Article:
Your browser is no longer supported

For the best possible experience using our website we recommend you upgrade to a newer version or another browser.

Your browser appears to have cookies disabled. For the best experience of this website, please enable cookies in your browser

We'll assume we have your consent to use cookies, for example so you won't need to log in each time you visit our site.
Learn more

ICE launches State of the Nation devolution report

ICE headquarters

The Institution of Civil Engineers (ICE) has published its State of the Nation: Devolution 2016 report today.

The engineering body said that placing infrastructure improvements at the heart of the devolution agenda could significantly boost local growth, environmental sustainability and quality of life. It added that with the right investment, frameworks and skills, newly created Combined Authorities and transport bodies could realise those full benefits.

It also said that the report backs the Government’s effort to rebalance the economy with the focus on infrastructure as the key driver.

In the report the ICE has set out a 10 point plan which it said could further equip authorities in delivering the maximum benefits of devolution to society. Within the plan it called for the bodies to be granted greater access to flexible financing streams to supplement central government funding. This, it said, would enable investment in infrastructure that was “transformational”, together with the skills that would be needed to deliver it.

Furthermore, the ICE said an infrastructure strategy based on need should be established for every current and emerging economic area – including more rural areas without a multi-city make up – so money can be directed towards the right projects.

“The benefits of effective infrastructure are well established – it can boost economic growth, create jobs, regenerate communities, connect people and places and drive environmental sustainability,” said State of the Nation: Devolution steering group chair and ICE vice president Adrian Coy.

“It is right that infrastructure investment is the driving force behind Government’s plans to rebalance the economy, and we hope to see ongoing commitment to the devolution agenda during the EU exit negotiations, so momentum is not lost.”

Coy explained that the committee would like to see restrictions on Combined Authorities accessing additional financing streams lifted, so that they could invest in infrastructure and skills which could “really transform a region”. While Combined Authorities had the will and powers, their financial means were currently limited, he added.

“To ensure decisions on spending are strategic, overarching infrastructure strategies should be developed, based on need,” said Coy.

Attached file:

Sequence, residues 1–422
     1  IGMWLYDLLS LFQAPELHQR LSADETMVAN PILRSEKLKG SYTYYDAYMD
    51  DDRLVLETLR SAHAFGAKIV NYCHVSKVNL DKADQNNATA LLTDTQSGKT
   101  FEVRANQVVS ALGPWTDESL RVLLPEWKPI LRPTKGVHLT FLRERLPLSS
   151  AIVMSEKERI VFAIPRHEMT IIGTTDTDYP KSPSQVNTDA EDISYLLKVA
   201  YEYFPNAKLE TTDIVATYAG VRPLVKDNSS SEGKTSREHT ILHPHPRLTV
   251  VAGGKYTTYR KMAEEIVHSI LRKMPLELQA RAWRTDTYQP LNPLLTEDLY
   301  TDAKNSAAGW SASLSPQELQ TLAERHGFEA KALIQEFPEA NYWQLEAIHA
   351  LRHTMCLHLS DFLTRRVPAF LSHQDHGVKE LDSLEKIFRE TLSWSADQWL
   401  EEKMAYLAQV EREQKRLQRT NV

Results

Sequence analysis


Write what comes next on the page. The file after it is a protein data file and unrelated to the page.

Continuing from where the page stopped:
“Midlands Connect and Transport for the North have provided greater focus for transport services and we should build on this success, establishing strategies for all networks – recognising their interdependent nature – and all wider areas as they emerge.”

The full report is available to download here.

ICE’s 10 recommendations

  1. All future devolution proposals should demonstrate how they will improve quality of life and environmental sustainability in addition to driving economic growth
  2. Authorities seeking a devolution deal should demonstrate a clear model for leadership and accountability; however models to achieve this should reflect each area’s unique identity
  3. Restrictions stopping combined authorities from accessing flexible private finance streams must be lifted if they are to deliver and maintain transformative infrastructure
  4. Future devolution deals must include funding for digital infrastructure so smart technologies which improve services for the public and the environment can be developed
  5. Infrastructure strategies should be developed for emerging economic areas in England setting out needs, to provide a framework for decision-making
  6. Similar approaches to identify strategic needs should be developed for London, Northern Ireland, Wales and Scotland
  7. Infrastructure strategies must have resilience at their heart – considering the interdependent nature of each area’s networks and mitigating the knock-on failure which can occur during extreme weather, affecting local businesses and economies
  8. Regional pipelines setting out confirmed infrastructure projects should be developed, enabling government, authorities, industry and academia to invest in the right training in the local area
  9. Combined authorities should be given responsibility for the skills development of those aged 16-19 – in addition to those aged 19 plus – to create a more joined up approach
  10. Government should provide pre-submission advice to ensure high quality devolution proposals that deliver effective outcomes for the country.

Have your say

You must sign in to make a comment

Please remember that the submission of any material is governed by our Terms and Conditions and by submitting material you confirm your agreement to these Terms and Conditions. Please note comments made online may also be published in the print edition of New Civil Engineer. Links may be included in your comments but HTML is not permitted.